esports and government

Between Esports and Government in ‘Small’ Countries: Is It Significant?

Esports, this is the hype in gaming industry for the last couple of years. However, the truth is only couple of countries in the world who already have sustainable industry in esports like the US, some western European countries, China, and South Korea. For other countries with under-developed esports ecosystem, we (since I live in one of the country) romanticize the idea of esports and government.

So, this is the question, will the government in those countries have any significance in growing its esports industry? I personally don’t think so, not directly at least.

Why? Let’s see the 4 regions which are already considered succeed in their esports ecosystem.

1. South Korea

Image Courtesy: Kotaku

I think most people from the under-developed esports countries only see this region and tend to forget the others. It’s true that South Korean government have big impact in their esports history. In 2000, they already have their Korean esports Association which has direct link to the government – in this case, Ministry of Culture, Sports, and Tourism. However, most people don’t realize that South Korea also has big gaming industry in general (not just esports).

It was Nexon, a gaming publisher / developer from South Korea, who made the first Free-to-Play game in October 1999.  In the era of MMO, it was South Korea which dominated Asian market (when World of Warcraft dominates western market) with their Free-to-Play MMO. Now, they are head-to-head with the Chinese in mobile game development / publishing, leading the the market (at least in terms of quantity).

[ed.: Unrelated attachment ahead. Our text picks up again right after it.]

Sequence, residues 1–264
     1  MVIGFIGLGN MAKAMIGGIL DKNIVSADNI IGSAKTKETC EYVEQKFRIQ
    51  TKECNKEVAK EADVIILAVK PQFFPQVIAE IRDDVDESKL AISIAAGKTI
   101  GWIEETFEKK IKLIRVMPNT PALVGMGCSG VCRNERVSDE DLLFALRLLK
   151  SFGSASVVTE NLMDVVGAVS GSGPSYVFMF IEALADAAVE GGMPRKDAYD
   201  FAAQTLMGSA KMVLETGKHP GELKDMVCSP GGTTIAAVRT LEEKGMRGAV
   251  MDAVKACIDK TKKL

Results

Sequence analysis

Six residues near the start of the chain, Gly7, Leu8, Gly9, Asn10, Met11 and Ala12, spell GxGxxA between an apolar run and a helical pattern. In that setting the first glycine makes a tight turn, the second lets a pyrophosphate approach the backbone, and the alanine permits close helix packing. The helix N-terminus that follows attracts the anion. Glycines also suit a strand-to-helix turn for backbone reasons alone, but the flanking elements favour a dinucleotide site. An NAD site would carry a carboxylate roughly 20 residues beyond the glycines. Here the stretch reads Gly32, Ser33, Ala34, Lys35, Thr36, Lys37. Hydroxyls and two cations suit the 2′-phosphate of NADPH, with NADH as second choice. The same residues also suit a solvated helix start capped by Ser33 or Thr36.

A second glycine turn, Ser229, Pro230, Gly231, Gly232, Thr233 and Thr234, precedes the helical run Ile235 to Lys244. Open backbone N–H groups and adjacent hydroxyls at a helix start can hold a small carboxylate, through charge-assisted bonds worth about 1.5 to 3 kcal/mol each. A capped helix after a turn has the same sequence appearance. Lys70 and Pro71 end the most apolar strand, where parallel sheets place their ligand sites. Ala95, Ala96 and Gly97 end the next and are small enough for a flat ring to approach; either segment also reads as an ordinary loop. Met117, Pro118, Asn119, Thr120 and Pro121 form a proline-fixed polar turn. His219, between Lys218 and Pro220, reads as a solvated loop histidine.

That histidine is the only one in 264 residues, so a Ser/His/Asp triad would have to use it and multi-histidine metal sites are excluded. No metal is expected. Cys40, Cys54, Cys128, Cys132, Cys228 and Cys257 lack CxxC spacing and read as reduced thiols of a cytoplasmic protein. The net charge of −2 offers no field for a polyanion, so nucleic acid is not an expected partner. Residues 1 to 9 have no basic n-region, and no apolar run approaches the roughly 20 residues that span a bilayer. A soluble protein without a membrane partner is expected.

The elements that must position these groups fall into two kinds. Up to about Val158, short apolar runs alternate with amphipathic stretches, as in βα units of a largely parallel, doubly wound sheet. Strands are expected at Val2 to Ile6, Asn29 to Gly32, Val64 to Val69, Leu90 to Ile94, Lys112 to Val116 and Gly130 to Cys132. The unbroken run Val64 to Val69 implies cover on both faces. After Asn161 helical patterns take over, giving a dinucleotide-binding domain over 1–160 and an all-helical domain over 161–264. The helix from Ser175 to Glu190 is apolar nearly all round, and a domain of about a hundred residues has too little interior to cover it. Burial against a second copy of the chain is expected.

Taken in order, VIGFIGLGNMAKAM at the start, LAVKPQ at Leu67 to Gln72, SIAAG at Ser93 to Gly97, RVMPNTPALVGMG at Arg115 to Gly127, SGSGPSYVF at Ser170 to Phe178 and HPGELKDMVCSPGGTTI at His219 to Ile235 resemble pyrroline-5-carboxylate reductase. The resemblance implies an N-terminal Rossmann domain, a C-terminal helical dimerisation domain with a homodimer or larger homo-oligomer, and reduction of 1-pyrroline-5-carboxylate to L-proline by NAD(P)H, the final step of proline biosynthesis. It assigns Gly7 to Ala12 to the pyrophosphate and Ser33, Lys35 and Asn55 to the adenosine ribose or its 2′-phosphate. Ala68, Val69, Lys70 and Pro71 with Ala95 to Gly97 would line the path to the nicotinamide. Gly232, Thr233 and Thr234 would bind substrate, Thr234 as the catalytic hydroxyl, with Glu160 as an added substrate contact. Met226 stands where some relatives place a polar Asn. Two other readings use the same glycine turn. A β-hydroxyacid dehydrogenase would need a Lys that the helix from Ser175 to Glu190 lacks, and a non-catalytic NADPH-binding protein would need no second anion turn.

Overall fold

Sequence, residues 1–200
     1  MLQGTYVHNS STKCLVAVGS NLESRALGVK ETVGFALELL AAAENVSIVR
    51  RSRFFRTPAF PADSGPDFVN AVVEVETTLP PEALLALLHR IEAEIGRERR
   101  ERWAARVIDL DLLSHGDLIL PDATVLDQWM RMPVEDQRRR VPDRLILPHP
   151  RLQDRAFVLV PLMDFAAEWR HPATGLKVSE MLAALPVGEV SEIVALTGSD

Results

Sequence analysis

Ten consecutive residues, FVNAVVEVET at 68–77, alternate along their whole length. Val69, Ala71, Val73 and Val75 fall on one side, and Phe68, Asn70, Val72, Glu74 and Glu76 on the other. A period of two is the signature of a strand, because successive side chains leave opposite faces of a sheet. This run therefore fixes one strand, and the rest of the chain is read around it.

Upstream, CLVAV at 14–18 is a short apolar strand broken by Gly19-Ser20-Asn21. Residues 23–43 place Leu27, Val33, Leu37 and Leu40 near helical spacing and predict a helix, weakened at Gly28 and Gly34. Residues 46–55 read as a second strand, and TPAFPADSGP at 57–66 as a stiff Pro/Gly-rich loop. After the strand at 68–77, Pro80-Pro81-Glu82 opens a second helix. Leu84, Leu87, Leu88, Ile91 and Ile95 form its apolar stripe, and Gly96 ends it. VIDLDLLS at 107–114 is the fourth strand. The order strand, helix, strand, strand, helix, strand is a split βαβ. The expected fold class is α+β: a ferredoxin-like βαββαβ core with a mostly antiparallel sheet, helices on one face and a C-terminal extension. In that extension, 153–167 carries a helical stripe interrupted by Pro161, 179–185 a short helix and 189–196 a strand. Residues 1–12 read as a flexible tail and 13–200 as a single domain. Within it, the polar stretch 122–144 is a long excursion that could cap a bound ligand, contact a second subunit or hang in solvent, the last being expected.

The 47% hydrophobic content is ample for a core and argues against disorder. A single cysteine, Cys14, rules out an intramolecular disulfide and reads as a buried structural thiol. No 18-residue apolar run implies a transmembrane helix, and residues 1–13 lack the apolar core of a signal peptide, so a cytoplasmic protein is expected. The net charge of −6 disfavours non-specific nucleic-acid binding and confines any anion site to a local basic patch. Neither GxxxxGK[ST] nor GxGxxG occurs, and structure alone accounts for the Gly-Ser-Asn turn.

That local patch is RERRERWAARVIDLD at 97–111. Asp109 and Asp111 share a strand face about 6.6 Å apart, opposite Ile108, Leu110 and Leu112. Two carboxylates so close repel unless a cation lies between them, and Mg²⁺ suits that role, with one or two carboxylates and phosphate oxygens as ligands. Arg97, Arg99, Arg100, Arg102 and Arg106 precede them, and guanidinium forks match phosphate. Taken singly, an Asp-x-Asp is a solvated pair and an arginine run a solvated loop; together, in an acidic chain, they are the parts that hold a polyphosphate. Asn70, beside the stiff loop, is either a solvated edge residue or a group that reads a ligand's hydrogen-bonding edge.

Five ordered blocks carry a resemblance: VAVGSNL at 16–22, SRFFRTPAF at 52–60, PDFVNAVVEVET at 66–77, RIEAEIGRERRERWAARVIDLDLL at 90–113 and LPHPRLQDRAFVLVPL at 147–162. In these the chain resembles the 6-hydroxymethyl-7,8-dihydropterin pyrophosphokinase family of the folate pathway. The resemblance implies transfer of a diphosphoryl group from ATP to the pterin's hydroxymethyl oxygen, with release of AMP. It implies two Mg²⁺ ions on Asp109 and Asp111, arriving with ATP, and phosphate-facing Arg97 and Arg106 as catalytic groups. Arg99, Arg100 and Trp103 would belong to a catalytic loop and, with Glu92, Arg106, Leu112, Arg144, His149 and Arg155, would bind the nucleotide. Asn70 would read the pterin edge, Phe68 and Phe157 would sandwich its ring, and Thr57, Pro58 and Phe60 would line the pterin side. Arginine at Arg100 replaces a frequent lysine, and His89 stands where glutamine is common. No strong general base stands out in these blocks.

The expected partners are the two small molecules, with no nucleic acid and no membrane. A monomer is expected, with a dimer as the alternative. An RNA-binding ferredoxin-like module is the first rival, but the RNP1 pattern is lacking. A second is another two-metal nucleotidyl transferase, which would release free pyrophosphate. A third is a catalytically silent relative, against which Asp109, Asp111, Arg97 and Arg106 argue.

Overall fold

Image Courtesy: Newzoo

My point is it’s just that South Korea is already special with their gaming industry, with or without esports development. You can believe me or not but, IMHO, without big gaming industry in general, the governments won’t even take a look at esports seriously. Probably, they will only use your esports event as a mere political tool not as an economic solution for the country.

2. United States

Image courtesy: esports.uci.edu

Well, I think the US is just great at any modern entertainment industry, including esports. CMIIW, I think those entertainment industries in US don’t have any affiliation with the government whatsoever. Let’s take a look at some of them.

Hollywood is the leader in modern film industry in the world and it has no affiliation with government (as far as I know). How big is your countries’ sports industry compared to the US who has NBA, NFL, or MLB? They are also private companies, not government organizations.

Europe actually has comparable sports industry with their football / soccer but we will get there on the next part.

Esports in the US is big because they have supports from many other industries. Intel with their IEM (Intel Extreme Masters), Turner (Time Warner) with their ELEAGUE, Valve from general gaming industry, or many others that can’t be mentioned here. None of them are directly related to a government organization.

3. Europe

Image Courtesy: Astralis

This is the most different region than the others I mentioned here. It’s because most people (including me) like to put some European countries together even though the conditions on each country – including its esports ecosystem – are very different on some of them. However, just for the sake of this article and my argument, let’s put them together. Maybe someday we will take a look at each country.